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Carotid Artery Disease

The major arteries of the neck, the carotid arteries, supply the brain with blood and extend from your aorta in your chest to the brain inside your skull. Carotid artery disease occurs when these arteries become narrowed or blocked.  Carotid artery disease is a serious health problem because it can cause a stroke.

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Carotid Artery Disease and Stroke: Prevention and Treatment

Professor of Surgery Bruce Perler discusses causes, symptoms, risk factors and treatment of carotid artery disease and stroke.

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Symptoms of Carotid Artery Disease

Most patients do not know they have carotid artery disease as it is often asymptomatic (without symptoms).  However, the risk in not having symptoms is that a patient is at risk for a stroke without knowing.   

There are warning symptoms of a stroke called transient ischemic attacks, or TIAs. Symptoms of a TIA usually last for a few minutes to 1 hour and include:

  • Weakness, numbness, or a tingling sensation on one side of your body
  • Loss of control of the movement of an arm or a leg
  • Losing vision in one eye
  • Being unable to speak clearly

If you experience a TIA, it could mean that you are at serious risk of a stroke in the near future. You should report TIA symptoms to your vascular surgeon immediately. 

Causes of Carotid Artery Disease

Vascular surgeons are not sure why the arteries begin to harden. Causes may include:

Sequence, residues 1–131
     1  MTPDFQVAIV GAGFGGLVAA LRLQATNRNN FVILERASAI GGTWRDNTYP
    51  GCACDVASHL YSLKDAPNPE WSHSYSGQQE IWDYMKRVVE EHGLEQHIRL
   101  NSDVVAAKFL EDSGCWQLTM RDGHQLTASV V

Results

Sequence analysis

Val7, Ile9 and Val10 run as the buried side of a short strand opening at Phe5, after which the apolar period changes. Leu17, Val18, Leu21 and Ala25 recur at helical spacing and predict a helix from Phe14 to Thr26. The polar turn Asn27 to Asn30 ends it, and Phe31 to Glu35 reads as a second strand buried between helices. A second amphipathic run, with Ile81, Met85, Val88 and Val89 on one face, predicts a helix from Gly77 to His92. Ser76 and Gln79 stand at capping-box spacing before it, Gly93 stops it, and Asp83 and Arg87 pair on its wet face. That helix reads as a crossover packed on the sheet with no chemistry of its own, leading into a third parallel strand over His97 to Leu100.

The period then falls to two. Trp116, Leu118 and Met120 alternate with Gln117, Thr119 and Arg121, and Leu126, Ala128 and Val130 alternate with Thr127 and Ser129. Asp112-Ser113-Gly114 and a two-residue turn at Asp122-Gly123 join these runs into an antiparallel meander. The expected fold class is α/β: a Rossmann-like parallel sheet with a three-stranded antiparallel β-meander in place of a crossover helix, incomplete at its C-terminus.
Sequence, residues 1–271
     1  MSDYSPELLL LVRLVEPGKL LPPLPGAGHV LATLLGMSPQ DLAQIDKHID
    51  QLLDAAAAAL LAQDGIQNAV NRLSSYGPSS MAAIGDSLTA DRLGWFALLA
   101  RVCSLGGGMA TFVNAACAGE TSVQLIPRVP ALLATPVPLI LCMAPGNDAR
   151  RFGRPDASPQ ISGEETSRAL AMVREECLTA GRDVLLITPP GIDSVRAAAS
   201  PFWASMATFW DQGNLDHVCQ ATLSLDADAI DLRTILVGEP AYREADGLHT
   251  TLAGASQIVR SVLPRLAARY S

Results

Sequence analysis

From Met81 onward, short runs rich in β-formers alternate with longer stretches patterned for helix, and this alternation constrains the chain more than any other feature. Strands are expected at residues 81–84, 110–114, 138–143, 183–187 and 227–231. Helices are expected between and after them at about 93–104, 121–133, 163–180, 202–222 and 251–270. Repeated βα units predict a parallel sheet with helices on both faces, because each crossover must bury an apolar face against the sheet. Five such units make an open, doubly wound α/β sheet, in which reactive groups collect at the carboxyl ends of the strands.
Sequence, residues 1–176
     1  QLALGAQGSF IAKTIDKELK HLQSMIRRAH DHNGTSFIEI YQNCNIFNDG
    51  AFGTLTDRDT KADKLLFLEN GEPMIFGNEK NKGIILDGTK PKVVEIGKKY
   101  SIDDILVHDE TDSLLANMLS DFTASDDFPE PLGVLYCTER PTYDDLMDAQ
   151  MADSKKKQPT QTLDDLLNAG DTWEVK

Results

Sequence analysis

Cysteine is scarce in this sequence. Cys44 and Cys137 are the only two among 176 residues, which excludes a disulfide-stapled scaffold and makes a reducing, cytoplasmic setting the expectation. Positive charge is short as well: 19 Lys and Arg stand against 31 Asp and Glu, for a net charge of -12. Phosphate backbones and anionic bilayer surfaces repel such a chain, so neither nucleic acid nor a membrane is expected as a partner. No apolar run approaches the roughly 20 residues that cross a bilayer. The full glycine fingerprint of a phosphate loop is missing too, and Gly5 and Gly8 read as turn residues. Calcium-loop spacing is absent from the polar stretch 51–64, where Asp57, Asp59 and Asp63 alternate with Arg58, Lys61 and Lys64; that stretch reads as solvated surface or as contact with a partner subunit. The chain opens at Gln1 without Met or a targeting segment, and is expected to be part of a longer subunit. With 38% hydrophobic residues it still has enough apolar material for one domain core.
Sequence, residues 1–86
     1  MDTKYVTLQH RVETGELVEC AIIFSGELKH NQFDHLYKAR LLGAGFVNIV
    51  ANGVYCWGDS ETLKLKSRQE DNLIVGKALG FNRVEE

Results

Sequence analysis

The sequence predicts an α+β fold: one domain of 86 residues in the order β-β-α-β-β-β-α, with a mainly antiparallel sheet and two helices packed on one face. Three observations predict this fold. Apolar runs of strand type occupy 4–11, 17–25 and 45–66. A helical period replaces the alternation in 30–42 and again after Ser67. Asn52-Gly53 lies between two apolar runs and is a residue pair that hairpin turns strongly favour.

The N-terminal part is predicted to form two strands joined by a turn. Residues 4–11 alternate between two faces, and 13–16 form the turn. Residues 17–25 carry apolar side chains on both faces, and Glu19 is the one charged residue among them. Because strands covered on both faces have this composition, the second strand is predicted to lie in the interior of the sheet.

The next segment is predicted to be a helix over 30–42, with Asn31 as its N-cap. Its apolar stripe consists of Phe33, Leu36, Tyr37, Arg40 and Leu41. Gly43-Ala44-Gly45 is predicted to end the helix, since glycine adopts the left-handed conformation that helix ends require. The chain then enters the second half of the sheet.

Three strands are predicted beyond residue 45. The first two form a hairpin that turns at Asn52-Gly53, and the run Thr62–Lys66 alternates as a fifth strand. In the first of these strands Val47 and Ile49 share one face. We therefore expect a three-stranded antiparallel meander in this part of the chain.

• History of smoking
  • High cholesterol
  • High blood pressure
  • Diabetes
  • Family history of hardening of the arteries
  • Carotid aneurysm disease
  • Fibromuscular dysplasia

What to Expect at Your Medical Exam

Your vascular surgeon will try to determine if you are suffering from PAD as well as the best method of treatment.

  1. Your vascular surgeon will ask you questions about your:
    1. general health
    2. medical history
    3. symptoms
  2. Your vascular surgeon will conduct a physical examination. You will be asked about family and medical history.  Your vascular surgeon will ask you to describe your symptoms; how often they occur, how often and their location.
  3. Your vascular surgeon will listen for sounds of blood flow in your carotid arteries. Your blood pressure will be taken.
  4. After the history and exam, if your vascular surgeon suspects you have carotid artery disease, he or she will perform a carotid duplex ultrasound.  This test involves an ultrasound of your neck so your vascular surgeon can measure blood flow as well as arterial and blood vessel structures.  Your vascular surgeon may want to order further tests.

Diagnostic Testing 

There are some common diagnostic tests for carotid artery disease.  They include:

Treatments for Carotid Artery Disease

Based on the results of your physical exam as well as your diagnostic testing, your vascular surgeon will treat your carotid disease.  However, the goal is to also treat the underlying causes of your condition.

Treatments for this condition include lifestyle modifications such as:

  1. Smoking cessation
  2. Exercise and weight loss,
  3. Medication
  4.  If necessary, endovascular intervention or surgery. 


Surgery may be recommended based on findings during your physical and diagnostic examinations.  Or the lifestyle modifications may not control your condition.

Your vascular surgeon may recommend either of the following surgical procedures to treat your Carotid Artery Disease:



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